Letter to the Editor: Words are Not Enough, We Need Action

What Mt. SAC should do to unroot systemic inequalities

The+Pomona+March+4+Education+in+Pomona+on+June+24%2C+2020.+Photo+credit%3A+Dr.+Irene+Monica+Sanchez.+

The Pomona March 4 Education in Pomona on June 24, 2020. Photo credit: Dr. Irene Monica Sanchez.

When we talk about social justice, we must acknowledge the root of injustice. The Declaration of Independence and the Constitution of the United States were written by wealthy, white, heterosexual, cis-gendered men whose class interest required a strong central government. In other words, racism, classism, sexism, homophobia, and other systems of inequity are deeply rooted at the foundation of the United States and its institutions founded thereafter.

We must acknowledge that the institution of education is an institution that has been used to continue systemic inequities. We must acknowledge that the progress made within institutions of education are a direct result of the actions and struggles led by students of color. As a result, it is not enough to simply produce a statement, for it is just words. It is not enough to take a knee, for it is simply a gesture. It is not enough to join a protest, for it is just one day of action.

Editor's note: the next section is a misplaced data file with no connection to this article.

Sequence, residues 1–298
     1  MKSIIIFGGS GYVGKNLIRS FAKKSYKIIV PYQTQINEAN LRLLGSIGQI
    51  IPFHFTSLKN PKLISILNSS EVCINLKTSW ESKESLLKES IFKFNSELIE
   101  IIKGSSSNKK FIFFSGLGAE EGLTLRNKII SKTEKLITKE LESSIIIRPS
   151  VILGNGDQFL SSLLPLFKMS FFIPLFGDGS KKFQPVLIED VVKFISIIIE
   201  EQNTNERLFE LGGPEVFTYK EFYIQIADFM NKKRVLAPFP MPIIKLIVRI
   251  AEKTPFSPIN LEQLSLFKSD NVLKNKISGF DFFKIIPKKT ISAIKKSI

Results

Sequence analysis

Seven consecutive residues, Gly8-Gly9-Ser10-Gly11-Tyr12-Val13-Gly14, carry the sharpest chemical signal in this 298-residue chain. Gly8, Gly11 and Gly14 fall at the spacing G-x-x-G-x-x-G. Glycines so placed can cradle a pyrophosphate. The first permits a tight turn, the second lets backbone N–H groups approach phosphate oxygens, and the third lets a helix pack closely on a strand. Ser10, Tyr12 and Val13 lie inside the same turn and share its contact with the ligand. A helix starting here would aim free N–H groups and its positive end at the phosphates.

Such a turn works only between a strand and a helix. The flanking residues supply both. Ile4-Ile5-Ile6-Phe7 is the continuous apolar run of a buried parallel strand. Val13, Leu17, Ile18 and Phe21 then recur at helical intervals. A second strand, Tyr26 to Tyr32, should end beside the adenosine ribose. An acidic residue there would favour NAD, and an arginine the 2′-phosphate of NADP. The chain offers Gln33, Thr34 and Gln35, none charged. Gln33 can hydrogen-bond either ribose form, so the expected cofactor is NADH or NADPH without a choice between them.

Racism is systemic because of the institutions that were created to continuously benefit those with racial, class, and gender privilege. Challenging systemic inequities requires bold leadership, optimism, but most importantly and impactful – specific systemic solutions.

A few ways Mt.SAC can address the systemic inequities it reproduces as an institution of higher education are the following:

1) Institutionalize a for-credit ethnic studies graduation requirement for Mt.SAC students.

2) Institutionalize spaces for students such as Latinx and Native American centers and support programs.

3) Hire, retain, mentor and support more socially conscious Black and Native staff and faculty with support to reach tenured status.

4) Prioritize black entrepreneurs, and other entrepreneurs of color, from nearby communities and reduce restrictions to allow them to be vendors during campus sponsored events. In addition, paperwork should be reduced and support should be increasingly offered to allow entrepreneurs such as Eloteros and others to benefit economically.

5) Seek and implement alternatives to campus safety such as social workers to de-escalate conflict. On-campus police officers should not be armed. The college also needs to address the way it responded to student activists speaking up against an on-campus armed police presence. Please read this article.

6) On-campus military recruitment should cease, as recruiters take advantage of the working class status of most communities of color.

This letter was written by Fabian Pavon, Mt. SAC Alumni, re founder of MEChA de Mt. SAC, current Mt. SAC Student services Support employee and Pomona Commissioner for Parks and Recreation.